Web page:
In Shackleton's honour: Descendants' 900-mile trek

A century after explorer's failed South Pole expedition, family members are to try again. By Paul Bignell

Exactly 100 years since the British polar explorer Sir Ernest Shackleton travelled further south than any human being, his and his team's descendants are to follow in his footsteps and undertake the gruelling 900-mile trek to the South Pole – on foot.

On 29 October 1908, Shackleton set out to become the first man to reach the South Pole. Two months later, after travelling south in severe weather conditions with temperatures dropping below -30C, the group, running perilously low on food, decided it would be too dangerous to continue and turned back. They were 97 miles short of their target. Three years later, the Norwegian explorer Roald Amundsen succeeded where Shackleton's Nimrod expedition failed.

On his return to Britain, Shackleton was hailed a hero and awarded a knighthood for his achievements.

Now, relatives of that expedition will attempt to follow the same route, setting off exactly 100 years to the day since that great trek, and attempt to finish a journey their ancestors first took. It will be led by Lt-Col Henry Worsley, a descendent of Frank Worsley, who was Shackleton's skipper. Accompanying him will be Henry Adams, a great-grandson of Jameson Boyd Adams, and Will Gow who, inspired by a desire to unite Shackleton's descendents at the pole, came up with the idea of recreating the voyage. Mr Gow is related to Shackleton by marriage.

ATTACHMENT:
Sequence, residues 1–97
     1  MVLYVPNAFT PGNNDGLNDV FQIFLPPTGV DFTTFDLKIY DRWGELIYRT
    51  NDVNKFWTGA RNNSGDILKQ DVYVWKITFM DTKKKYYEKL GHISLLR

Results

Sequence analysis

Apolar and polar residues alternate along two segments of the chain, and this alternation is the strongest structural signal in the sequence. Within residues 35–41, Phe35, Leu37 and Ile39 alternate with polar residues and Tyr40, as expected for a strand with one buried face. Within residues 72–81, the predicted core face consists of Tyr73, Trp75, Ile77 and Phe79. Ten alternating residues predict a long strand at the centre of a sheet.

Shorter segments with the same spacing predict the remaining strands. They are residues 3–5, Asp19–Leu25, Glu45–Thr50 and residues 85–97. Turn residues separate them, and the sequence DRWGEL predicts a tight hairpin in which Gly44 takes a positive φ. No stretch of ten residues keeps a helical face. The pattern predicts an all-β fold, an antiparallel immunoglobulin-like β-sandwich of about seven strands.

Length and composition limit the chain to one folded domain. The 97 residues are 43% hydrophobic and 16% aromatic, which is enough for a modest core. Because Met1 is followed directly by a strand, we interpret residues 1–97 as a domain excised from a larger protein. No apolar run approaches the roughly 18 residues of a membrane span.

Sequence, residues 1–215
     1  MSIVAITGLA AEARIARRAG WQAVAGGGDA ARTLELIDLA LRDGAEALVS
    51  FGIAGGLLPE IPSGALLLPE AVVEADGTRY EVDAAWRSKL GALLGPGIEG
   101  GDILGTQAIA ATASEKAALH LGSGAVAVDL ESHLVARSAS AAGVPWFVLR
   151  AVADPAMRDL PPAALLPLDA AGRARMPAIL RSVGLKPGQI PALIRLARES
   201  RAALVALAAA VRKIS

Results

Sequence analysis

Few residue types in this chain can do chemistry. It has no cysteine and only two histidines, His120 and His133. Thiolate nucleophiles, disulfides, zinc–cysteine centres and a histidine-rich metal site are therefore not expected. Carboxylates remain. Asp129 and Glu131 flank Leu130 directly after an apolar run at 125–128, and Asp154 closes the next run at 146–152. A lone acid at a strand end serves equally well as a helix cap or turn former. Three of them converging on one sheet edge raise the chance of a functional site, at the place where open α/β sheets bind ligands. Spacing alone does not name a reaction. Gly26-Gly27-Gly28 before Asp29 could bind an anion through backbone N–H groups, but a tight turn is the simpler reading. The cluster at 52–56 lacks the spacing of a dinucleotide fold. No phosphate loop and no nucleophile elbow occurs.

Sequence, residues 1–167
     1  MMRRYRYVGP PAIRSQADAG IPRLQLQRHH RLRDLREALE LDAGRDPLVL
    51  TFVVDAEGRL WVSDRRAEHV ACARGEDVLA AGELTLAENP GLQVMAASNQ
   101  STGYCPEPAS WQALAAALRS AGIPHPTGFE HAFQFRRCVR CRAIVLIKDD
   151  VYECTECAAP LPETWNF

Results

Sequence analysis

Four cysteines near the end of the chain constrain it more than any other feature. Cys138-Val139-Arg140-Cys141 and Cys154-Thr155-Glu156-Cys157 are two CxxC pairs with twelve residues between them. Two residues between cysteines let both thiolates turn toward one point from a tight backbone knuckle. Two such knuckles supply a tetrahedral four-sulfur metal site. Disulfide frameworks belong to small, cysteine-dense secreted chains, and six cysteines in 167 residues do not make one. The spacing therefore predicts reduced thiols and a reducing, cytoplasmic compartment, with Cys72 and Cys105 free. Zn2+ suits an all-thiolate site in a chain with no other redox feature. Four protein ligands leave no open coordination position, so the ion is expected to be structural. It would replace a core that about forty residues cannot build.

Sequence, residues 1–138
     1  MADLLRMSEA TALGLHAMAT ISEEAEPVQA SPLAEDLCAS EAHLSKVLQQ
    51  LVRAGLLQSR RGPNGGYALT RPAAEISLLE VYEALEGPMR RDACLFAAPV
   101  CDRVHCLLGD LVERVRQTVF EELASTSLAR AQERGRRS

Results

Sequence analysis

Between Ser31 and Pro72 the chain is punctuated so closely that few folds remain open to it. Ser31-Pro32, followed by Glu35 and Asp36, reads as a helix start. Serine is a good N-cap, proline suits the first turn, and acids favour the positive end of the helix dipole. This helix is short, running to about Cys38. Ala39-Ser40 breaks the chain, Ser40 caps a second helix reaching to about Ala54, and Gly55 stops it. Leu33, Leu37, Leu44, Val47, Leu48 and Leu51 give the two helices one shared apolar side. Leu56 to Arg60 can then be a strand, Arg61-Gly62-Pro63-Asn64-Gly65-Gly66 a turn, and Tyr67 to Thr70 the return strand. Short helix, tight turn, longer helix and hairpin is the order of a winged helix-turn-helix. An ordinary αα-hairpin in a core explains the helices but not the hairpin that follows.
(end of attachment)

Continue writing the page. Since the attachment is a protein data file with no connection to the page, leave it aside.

They will be joined by three further team members in January 2009 for the final 97-mile trek to the point that cruelly evaded Shackleton and his men. This team will include Shackleton's great-grandson, Patrick Bergel, David Cornell, another great-grandson of Jameson Boyd Adams, and Tim Fright, the great-great-nephew of Frank Wild.

In preparation, the team has spent months training in Greenland, Scotland and Norway. Henry Adams, a shipping lawyer, said: "I didn't know what to expect when I began. It takes so long just to get from A to B. A lot of the places we've trained in so far have such massive panoramic scenes in front of you, you feel like you're not really moving. You get lost in [taking] one step after another. Training has taken over most of our lives outside work. Every holiday for the last two years has been an expedition holiday; there has been no time with my wife and 18-month-old baby."

Unlike the original team who travelled with eight ponies – all of which died during the expedition – the 2008 team will be pulling 300lb sledges for 10 hours a day. As well as endless amounts of porridge, one small but important token from the original trip will be going to the Antarctic: "We want to take Shackleton's compass – the original compass – to the South Pole," said Mr Adams.

In 1914, on his return to the South Pole, Shackleton would become celebrated for his part in one of the most heroic rescue missions ever undertaken. His expedition became stranded in ice which broke up their ship, Endurance. They took refuge on Elephant Island where the men lived in upturned life boats while Shackleton and five others sailed 800 miles across the world's roughest, coldest seas in an open boat to the remote island of South Georgia. They crossed the icy mountain terrain on foot to reach a whaling station and find rescue for his men – who, by the time the rescuers arrived, had been stranded for almost two years.